Here’s how to create an ebook using Canva:
- Select a template: Canva offers a variety of ebook templates for different styles and themes. You can view and decide which pages to keep, discard, or edit to suit your needs.
- Customize the design: Use Canva’s stock photos, illustrations, icons, and graphics, or upload your own images to personalize your ebook. Experiment with colors, backgrounds, fonts, and photo effects.
- Add content: Fill in your design with helpful content. Add a descriptive title. Consider linking to supporting resources, including eye-catching images, adding “bonus tips,” and more to make your ebook engaging.
- Publish and share: Once the ebook is finalized, you can download and save it as a JPEG or PNG. Then, you can upload it to your website and put it behind a subscription wall.
2. Free Legal Templates
Templates are predesigned forms that make it easy for users to create, edit, and save their own documents. Templates can be used to create wills, lease agreements, contracts, non-disclosure agreements, parenting plans, and more.
As an attorney, you have the legal know-how to help clients create detailed and accurate legal documents.
While there are limitations – you should recommend users get their documents reviewed by an attorney – providing templates can help people head in the right direction.
When clients download the template, they can provide their email addresses, allowing your firm to follow up and offer to assist them in completing or reviewing the document.
Some other legal template ideas include:
- Power of attorney.
- Advance healthcare directives.
- Employment contracts.
- Business formation documents.
- Partnership agreements.
- Service agreements.
- Release or waiver forms.
- Prenuptial agreements.
- Intellectual property assignments.
- Demand letters.
- Cease and desist letters.
- Settlement agreements.
- Complaints or petitions.
- Loan agreements.
- Promissory notes.
3. Exclusive Webinars And Interviews
Live or pre-recorded webinars are another great way to offer value to potential clients. People love the interactive nature of live webinars and the ability to re-watch informational videos.
You can host online seminars, interviews, or sessions regarding important legal topics, helping your audience know what steps to take during the legal process.
For example, you can talk about how to navigate the divorce process, how to get started with a will, or what to know about real estate law.
Here are a few examples of titles you can use for your webinar:
- “Understanding Your Rights: [Legal Topic] Explained.”
- “Navigating [Legal Issue]: Your Step-by-Step Guide.”
- “Legal Essentials: How to Protect Your [Assets/Business/Family].”
- “How to Avoid Legal Pitfalls in [Scenario/Situation].”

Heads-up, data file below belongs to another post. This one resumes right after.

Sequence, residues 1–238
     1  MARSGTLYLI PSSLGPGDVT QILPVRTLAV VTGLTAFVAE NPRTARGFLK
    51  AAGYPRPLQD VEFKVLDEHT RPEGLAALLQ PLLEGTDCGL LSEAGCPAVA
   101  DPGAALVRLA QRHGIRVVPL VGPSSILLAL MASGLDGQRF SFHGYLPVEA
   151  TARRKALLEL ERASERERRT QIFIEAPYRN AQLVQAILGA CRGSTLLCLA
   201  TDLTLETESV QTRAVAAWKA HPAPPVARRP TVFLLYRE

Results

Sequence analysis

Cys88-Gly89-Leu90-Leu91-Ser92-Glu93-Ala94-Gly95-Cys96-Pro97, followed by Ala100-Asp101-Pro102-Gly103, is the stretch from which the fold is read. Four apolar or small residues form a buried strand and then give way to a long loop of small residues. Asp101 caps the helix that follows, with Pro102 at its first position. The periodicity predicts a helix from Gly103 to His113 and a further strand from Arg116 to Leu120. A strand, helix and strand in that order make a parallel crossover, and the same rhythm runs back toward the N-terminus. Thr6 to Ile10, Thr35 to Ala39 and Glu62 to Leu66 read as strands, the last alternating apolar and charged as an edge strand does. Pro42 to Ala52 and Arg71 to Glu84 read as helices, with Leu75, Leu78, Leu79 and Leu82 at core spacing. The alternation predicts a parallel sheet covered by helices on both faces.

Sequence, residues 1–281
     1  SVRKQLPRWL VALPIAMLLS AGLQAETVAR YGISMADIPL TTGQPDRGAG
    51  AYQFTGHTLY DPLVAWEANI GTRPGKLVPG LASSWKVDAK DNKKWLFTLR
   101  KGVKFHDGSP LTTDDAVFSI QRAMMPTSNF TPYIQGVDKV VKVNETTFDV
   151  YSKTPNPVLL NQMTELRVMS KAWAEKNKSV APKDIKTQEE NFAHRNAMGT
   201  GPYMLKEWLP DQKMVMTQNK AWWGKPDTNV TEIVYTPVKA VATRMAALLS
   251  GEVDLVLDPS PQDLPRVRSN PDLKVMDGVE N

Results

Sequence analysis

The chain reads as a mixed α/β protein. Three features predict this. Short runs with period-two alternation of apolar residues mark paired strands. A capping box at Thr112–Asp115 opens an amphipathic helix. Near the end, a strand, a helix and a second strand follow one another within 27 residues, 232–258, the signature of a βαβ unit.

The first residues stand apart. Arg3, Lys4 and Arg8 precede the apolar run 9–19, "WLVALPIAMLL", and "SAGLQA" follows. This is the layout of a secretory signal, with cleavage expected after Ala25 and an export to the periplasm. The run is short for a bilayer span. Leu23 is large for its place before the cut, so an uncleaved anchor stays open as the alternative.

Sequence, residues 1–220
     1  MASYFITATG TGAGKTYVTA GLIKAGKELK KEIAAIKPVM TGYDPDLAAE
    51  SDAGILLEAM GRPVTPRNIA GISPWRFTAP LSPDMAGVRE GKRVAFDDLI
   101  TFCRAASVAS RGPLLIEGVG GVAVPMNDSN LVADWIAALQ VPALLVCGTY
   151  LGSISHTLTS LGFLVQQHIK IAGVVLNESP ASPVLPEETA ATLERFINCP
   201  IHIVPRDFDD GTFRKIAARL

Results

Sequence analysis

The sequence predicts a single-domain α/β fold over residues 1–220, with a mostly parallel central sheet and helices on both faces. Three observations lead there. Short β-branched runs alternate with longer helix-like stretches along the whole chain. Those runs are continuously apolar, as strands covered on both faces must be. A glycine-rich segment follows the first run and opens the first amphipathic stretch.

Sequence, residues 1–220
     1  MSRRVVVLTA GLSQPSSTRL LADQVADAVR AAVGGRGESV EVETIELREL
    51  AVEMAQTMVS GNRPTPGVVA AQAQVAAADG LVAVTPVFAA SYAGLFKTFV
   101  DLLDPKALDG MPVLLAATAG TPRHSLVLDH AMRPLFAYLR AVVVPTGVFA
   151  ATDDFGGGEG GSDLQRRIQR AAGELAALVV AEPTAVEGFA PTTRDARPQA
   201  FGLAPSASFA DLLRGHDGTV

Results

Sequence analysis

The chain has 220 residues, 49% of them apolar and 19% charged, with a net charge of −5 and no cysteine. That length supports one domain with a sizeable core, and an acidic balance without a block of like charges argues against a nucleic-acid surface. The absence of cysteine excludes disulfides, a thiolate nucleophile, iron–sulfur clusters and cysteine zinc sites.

- “[Legal Topic]: A Lawyer’s Tips for Success.”
- “Legal Questions Answered: [Topic] Q&A Session.”
- “What Every [Entrepreneur/Parent/Homeowner] Should Know About [Legal Topic].”
- “What Every [Person/Business Owner] Should Know About [Legal Topic].”
Once you have your idea for your webinar or interview, you can promote your session on social media, your website, or via your email list.
Then, people can register for the webinar by providing their contact information and expressing their interest in the topic.
This will allow you to follow up with them after the session, opening the door to them becoming new clients.
4. Downloadable Checklists
Simplify complex legal topics and processes with easy-to-follow checklists.
Checklists help prospective clients organize their tasks, prepare for their cases, and remember important details regarding legal proceedings.
Checklists provide a ton of value, making them a smart pick for a potential lead magnet.
Say, for example, that you’re a will and probate attorney. You could create a checklist titled “X-Step Checklist for Estate Planning.”
You could design this document to include helpful resources, tasks, and graphics that support people navigating the estate planning process.
Some steps on this type of checklist might include:
- Download our free Estate Plan Template.
- Create a list of your family members and other beneficiaries.
- Take inventory of your assets, such as real estate, bank accounts, and investments.
- Take inventory of your liabilities, such as debts, mortgages, and loans.
- Record the information from your insurance policies (life, health, and property).
- Choose your power of attorney designation.
- Hire a will and probate attorney to help you draft your last will and testament.
- Schedule for reviewing and updating the estate plan.
You can offer checklists as downloadable content in exchange for contact information, which will help you build a database of potential clients.
Plus, a necessary step in the checklist could be for someone to contact an attorney (i.e., you) for more support; you can then provide your direct contact information.
5. Actionable Worksheets
Similar to checklists, worksheets are interactive tools that help potential clients understand the legal process, assess their situation, prepare for a legal consultation, and even calculate estimated attorney costs.